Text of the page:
[T]here has been a persistent tendency to maintain that the truly radical response to the postsecular event is not only a return to the religious, but a return to the dominance of the religious over all other forms of thought. Theology— specifically Christian theology—would once again become Queen of the sciences. The return of the religious means, within the context of globalisation, a return to religious conflict, war, and violence, and, it is claimed, Christianity would uniquely respond to such events as the tradition that would best rescue the meaning necessary to resist the loss of identity following from imperial secularism. The choice given to us by these thinkers is not between freedom and imperialism, but between two imperialisms, both equally parochial.
This strikes me as patently untrue as the Anabaptist theology and practice continues to try and address (not without its own problems of course!).
Meillassoux’s After Finitude is certainly (although not solely) an indictment of the current state of Continental philosophy of religion. However, this critique of the return of the theological and its prevalence in postmodern and postsecular philosophy of religion is not, we contend, a critique of philosophy of religion tout court. In fact, Meillassoux’s critique of fideism could well be read as a call to practice philosophy of religion: to make rational claims on the absolute once again, in opposition to its theological colonisation by religious discourses. Speculative philosophy of religion is, therefore, a means of saving philosophy from religion. . . . Within the speculative realm itself there can be no orthodoxy, only a practice of radical heresy. . . . Thus, within the volume as a whole and this section in particular a nascent speculative debate opens up regarding the act of mutating theological practice. Already within this volume, a proliferation of heresies and experiments are in the process of being produced (20-21).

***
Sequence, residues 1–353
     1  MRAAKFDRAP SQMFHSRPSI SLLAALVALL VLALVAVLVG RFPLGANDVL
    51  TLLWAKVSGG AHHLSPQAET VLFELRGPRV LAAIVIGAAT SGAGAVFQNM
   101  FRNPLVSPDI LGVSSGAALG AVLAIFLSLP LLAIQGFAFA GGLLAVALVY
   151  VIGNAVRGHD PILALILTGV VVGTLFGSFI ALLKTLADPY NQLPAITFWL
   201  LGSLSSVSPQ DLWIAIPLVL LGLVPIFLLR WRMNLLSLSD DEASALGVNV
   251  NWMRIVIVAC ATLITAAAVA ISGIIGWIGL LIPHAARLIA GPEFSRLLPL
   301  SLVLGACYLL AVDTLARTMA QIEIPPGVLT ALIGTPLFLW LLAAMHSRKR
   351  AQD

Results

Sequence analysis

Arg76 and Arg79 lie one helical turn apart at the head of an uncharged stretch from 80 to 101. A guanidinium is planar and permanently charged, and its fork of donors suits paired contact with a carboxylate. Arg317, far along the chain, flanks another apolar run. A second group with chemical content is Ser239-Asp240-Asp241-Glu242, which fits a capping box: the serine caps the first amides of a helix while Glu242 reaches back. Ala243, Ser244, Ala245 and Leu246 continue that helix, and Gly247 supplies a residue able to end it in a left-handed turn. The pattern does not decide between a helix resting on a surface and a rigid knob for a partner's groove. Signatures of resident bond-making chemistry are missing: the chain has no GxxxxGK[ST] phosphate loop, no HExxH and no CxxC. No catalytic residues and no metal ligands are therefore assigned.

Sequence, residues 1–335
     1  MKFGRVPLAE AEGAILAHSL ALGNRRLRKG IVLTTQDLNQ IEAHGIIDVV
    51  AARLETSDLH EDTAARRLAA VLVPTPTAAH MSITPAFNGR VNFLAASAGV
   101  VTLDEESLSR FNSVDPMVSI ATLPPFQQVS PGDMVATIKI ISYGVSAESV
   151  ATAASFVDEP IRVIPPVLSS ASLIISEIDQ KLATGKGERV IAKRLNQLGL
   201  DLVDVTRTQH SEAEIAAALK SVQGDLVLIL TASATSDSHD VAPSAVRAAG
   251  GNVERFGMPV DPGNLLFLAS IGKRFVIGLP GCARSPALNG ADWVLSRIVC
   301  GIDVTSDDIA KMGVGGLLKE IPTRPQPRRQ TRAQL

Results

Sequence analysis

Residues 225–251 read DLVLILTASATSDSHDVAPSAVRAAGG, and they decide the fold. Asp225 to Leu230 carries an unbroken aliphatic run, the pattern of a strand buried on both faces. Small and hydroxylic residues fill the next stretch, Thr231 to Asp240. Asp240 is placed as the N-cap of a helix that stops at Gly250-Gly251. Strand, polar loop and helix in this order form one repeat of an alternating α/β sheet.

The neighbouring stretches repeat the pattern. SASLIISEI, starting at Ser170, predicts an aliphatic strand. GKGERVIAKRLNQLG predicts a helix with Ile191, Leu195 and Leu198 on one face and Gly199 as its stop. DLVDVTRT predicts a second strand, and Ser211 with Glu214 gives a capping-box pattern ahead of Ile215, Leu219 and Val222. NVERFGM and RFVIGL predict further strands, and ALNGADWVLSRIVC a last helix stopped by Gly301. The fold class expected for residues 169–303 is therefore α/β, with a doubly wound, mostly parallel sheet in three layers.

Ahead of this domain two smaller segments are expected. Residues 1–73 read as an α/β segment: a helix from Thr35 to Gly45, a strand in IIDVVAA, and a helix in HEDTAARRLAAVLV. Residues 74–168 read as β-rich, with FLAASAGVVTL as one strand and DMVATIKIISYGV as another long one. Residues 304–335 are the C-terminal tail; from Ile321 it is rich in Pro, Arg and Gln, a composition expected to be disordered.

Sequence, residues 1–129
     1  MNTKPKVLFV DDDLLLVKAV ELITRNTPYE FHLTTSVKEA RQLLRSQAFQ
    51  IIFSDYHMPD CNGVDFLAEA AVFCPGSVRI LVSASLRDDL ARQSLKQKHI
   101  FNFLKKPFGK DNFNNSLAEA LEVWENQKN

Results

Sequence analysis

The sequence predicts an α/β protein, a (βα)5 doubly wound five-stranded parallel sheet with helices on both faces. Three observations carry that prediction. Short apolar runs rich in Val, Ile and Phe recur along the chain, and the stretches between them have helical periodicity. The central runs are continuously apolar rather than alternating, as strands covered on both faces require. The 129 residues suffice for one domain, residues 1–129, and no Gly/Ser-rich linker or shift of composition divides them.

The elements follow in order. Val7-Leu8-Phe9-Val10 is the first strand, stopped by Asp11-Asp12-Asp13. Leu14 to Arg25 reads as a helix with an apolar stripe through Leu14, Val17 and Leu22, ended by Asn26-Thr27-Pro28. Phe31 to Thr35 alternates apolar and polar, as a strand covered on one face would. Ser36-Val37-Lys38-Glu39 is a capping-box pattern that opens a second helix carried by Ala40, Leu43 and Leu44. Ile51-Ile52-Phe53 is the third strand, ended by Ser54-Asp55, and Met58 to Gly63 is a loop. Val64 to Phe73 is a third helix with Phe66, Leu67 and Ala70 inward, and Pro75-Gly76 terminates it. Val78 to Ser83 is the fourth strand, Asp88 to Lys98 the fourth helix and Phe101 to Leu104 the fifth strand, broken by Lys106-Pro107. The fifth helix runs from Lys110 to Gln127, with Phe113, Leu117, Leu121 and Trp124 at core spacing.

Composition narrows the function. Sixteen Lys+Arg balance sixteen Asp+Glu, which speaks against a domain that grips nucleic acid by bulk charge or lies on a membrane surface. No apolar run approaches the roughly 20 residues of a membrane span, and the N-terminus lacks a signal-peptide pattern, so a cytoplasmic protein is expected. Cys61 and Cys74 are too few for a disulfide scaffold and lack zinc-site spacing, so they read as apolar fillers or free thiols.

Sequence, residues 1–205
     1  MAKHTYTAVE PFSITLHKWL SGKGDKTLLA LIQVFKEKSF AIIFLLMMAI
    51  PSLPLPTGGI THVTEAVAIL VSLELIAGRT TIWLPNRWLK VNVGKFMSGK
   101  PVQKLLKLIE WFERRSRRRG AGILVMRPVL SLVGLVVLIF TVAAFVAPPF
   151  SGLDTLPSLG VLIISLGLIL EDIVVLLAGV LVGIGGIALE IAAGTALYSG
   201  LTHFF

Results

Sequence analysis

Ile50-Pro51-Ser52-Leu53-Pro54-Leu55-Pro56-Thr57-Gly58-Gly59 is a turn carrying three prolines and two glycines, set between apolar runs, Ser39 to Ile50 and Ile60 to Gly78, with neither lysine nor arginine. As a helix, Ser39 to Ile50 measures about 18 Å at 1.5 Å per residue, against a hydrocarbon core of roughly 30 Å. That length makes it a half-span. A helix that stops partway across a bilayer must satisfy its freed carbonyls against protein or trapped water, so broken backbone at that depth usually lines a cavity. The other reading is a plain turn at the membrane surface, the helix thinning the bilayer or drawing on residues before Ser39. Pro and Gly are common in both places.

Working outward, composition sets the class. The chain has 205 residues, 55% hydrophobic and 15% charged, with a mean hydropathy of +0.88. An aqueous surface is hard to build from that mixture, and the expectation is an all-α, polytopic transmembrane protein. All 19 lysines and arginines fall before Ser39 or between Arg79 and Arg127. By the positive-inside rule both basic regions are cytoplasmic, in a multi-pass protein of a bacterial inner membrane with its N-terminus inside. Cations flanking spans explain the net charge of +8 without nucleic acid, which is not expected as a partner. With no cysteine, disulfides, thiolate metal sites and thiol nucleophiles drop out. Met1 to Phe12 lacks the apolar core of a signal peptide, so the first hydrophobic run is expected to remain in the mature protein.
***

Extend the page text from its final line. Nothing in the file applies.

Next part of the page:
I will be curious to see how and if orthodoxy is consistently named in this volume. The Introduction seems to indicate that it is a clearly identifiable and isolated expression. If so I would tend to disagree with its definition looking towards Rowan Williams’ test of Christian orthodoxy as that which resists simplification. I know this does not directly address or respond to the issues in this Introduction but I think ‘orthodoxy’ is more more problematic a term then how it is used here.